Spaniola said he liked the outcome he got from both groups playing together.

“They play well together,” he said. “Combining the groups was a lot of fun. That was the best part about it; we had fun.”

UWF social work and service learning in Guatemala: A student’s perspective

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Photo by Kenneth King.

Kenneth King

Contributing Writer

When riding through the streets of Guatemala City, one cannot sit still. It is impossible. The roads are an endless path of cracks and potholes. You shift right, left, and then right again as the tires take a beating from an already beaten road. The honking never ceases, it just becomes a part of the conversation.

Fearless motorcyclists whiz by as they navigate between buses, trucks, and potholes while their girlfriends hold on for their lives. The fumes spewing out of rotten exhaust pipes assault one’s sense of smell, as everything begins to smell like burning trash.

It was good to get away from Pensacola, and an even better to get away from Guatemala City as we headed eastward to Zacapa.

Zacapa is a rural area that truckers pass through on a regular basis. Tourists are scarce in this part of Guatemala. It is where we, a contingent of University of West Florida students, spent the majority of our time. We handed out donations and learned about the social work programs of the country, which take place in women’s cooperatives, hospitals, and shelters.

However, one scene that still enters my mind everyday was a local dumpsite.

The smell of burning trash was so piercing that it induced a spell of slight dizziness. Collections of plastic were overflowed from black garbage bags. Dogs trotted and scavenged through the grey, toxic dirt – their rib cages exposed beneath their golden fur.

This was the Teculután dump. This filth was also home to roughly three hundred families. It was home for mothers, fathers and children who lived in makeshift tents.

Vultures picked through the trash side by side with the families. The vultures plucked what they wanted with their sharp beaks. The families used their dirt-coated hands.

I could not help but to be overwhelmed with emotion. The longer we stayed in Zacapa, the farther away we were from the United States and its problems. Now, however, we were face-to-face with the problems of Guatemala.

Unlike developed nations, there is no safety net for the poor in Guatemala. Those who fall sick must bring their own supplies to already overcrowded hospitals. We witnessed this firsthand at the Zacapa Health Clinic. We saw families huddled against the walls as they waited for their turn to be treated.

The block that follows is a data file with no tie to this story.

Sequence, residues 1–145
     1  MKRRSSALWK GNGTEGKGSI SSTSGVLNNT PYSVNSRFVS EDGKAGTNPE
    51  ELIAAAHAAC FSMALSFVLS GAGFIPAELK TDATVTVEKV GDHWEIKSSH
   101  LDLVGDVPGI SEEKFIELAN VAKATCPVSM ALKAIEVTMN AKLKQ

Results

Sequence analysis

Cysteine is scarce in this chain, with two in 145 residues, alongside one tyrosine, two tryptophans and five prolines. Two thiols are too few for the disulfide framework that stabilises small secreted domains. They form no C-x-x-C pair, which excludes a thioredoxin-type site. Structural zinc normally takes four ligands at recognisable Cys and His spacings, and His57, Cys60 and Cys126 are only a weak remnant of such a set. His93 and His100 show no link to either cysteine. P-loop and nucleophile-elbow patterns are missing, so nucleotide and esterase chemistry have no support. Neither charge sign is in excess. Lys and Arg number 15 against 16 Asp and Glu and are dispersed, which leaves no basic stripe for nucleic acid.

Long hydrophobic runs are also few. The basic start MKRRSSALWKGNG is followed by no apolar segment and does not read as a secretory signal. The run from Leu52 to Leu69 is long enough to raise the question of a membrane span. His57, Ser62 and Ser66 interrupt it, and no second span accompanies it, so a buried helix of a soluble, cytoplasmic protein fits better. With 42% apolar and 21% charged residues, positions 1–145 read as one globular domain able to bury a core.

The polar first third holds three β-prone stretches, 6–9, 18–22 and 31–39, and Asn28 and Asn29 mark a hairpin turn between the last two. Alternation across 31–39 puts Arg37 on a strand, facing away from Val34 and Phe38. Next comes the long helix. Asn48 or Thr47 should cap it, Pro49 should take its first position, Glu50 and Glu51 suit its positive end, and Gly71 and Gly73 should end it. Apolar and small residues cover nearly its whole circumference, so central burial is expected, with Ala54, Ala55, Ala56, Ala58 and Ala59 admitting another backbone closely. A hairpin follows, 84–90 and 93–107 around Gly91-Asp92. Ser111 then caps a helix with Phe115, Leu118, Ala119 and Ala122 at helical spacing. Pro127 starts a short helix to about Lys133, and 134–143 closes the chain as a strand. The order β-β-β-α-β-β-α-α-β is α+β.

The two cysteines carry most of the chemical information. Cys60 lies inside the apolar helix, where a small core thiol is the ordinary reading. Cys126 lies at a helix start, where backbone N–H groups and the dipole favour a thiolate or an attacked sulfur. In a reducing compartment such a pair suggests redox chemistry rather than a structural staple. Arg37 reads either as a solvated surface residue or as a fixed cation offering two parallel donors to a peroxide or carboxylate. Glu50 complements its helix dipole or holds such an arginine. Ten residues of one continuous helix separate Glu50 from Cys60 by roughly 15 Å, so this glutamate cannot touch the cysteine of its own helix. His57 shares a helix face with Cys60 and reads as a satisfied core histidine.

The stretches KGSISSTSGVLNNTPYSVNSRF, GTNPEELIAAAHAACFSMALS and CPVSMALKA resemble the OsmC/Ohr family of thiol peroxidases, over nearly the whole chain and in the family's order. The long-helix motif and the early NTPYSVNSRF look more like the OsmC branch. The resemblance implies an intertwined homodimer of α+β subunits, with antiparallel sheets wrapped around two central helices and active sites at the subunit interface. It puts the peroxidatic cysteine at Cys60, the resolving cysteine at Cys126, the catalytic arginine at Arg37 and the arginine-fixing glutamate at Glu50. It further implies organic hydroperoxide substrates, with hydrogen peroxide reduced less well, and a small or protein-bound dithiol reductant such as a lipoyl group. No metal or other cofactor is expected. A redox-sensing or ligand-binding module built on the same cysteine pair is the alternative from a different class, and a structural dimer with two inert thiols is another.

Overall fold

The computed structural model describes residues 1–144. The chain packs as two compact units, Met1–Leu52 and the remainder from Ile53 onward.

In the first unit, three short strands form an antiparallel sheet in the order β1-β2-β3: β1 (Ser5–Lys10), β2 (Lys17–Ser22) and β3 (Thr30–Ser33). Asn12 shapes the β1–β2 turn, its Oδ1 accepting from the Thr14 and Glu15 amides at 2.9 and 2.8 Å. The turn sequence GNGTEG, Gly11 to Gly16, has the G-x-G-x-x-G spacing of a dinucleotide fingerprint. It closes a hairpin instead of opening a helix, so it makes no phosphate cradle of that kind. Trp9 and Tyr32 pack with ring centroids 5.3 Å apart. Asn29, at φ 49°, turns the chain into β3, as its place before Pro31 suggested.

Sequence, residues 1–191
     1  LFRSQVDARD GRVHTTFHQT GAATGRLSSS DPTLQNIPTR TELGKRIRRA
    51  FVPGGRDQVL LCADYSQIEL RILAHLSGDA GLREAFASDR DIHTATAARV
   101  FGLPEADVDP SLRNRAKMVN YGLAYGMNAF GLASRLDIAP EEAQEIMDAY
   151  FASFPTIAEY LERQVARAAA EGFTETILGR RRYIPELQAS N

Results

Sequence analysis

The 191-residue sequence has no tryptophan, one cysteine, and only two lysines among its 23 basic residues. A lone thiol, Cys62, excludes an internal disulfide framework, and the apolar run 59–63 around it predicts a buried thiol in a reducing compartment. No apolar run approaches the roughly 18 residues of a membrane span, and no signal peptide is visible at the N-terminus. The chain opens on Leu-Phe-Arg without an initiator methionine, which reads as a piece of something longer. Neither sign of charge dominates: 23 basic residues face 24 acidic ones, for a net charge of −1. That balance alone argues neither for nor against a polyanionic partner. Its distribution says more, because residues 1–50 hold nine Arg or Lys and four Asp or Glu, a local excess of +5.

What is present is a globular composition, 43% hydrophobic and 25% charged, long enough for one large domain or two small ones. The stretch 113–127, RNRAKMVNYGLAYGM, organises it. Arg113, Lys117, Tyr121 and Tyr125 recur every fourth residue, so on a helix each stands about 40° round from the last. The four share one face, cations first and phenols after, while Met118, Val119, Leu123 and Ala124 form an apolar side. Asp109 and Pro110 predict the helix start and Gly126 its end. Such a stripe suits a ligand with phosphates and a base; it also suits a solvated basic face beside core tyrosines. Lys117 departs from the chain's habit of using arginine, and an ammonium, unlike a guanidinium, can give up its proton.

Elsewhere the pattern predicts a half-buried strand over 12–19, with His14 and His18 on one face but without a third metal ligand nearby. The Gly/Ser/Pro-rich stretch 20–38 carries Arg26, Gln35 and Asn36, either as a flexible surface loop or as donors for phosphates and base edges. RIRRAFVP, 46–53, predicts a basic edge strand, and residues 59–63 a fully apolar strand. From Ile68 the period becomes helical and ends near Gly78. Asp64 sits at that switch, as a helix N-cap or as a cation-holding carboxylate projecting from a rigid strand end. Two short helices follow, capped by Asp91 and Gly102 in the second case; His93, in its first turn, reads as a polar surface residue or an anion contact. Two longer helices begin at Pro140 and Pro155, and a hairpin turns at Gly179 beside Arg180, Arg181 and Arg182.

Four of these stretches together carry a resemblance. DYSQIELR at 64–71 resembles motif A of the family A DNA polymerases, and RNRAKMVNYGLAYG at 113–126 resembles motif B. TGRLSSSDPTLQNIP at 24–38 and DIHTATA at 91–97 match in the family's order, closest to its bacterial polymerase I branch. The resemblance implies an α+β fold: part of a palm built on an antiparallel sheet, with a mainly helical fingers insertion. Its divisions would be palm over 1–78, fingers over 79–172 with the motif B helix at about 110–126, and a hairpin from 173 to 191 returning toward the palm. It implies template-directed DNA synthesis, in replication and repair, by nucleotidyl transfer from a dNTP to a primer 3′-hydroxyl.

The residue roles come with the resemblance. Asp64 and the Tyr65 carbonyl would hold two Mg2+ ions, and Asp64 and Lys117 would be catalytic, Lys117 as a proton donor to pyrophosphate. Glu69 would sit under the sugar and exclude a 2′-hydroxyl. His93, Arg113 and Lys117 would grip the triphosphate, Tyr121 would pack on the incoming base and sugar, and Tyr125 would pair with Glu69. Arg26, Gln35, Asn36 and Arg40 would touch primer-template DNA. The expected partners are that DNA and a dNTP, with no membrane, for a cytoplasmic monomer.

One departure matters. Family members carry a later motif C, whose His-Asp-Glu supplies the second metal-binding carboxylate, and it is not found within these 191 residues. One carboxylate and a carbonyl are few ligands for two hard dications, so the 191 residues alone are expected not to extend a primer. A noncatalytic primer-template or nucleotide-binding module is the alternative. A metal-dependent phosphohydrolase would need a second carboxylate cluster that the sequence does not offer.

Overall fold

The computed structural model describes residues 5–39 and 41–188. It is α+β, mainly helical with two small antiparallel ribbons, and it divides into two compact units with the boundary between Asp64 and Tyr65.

Fortunately, not all moments were those of sorrow. The non-governmental organization we worked with, Hearts in Motion (HIM), hosts an annual pool party for children with special needs.

Parents from all over Zacapa made the trip to the waterpark in Torta Mila for a moment of relaxation, while we entertained their kids.

I quickly forgot about any disabilities the second we all entered the water. Despite being foreigners, we were all able to connect with at least one child. At the end of the day, there were no “handicapped” kids—just children who wanted to have fun.

After Zacapa we headed toward the city called Antigua. It is an old colonial city with signature Spanish architecture and cobblestone streets. An iconic volcano towered over the city.

Inhabiting Antigua was every type of person one could find. Some were university students walking in groups, commonly sporting their college t-shirts and large shades. Others were the typical nuclear family looking to ‘get away from it all’. Senior citizens roamed through the narrow streets worry-free, until they had to step over a pothole or cross the street.

Travel writers huddled in trendy restaurants, the kind one might find featured in the New York Times, sipping coffee and working on their laptops. Drunks wandered aimlessly, seeking their escape from their troubles at home. That is, of course, assuming they had a home. Then there were the locals caught in the middle of it all. Everyone had been to Antigua.

A deep sadness struck me on our final day in the country. It is a sadness you feel when you lose someone or something that brought you so much life in a small and intense amount of time.

Those smiling faces, from young to old are something that will remain with me forever. I feel that the worst thing I could have done was not to leave the people I had connected with in such a short amount of time, but to forget about them.

The Service Learning in Guatemala program is a study abroad summer course offered by UWF. The course begins with six preparatory sessions before departing on the ten-day trip.

The course is an initiative of UWF’s Emerge Program and welcomes students from all disciplines.

While in Guatemala, students work with the non-governmental organization Hearts in Motion, in conjunction with local staff. Hearts in Motion provides shelter for disabled and orphaned children, medical supplies for hospitals, assistance for senior citizens and much more.

For more information about the program and HIM, go to http://uwf.edu/ceps/community-and-outreach/emerge/our-faculty/2013-2014-emerge-faculty-fellows/dr-chris-cotten/http://www.heartsinmotion.org/

Where to find your Christmas spirit in Pensacola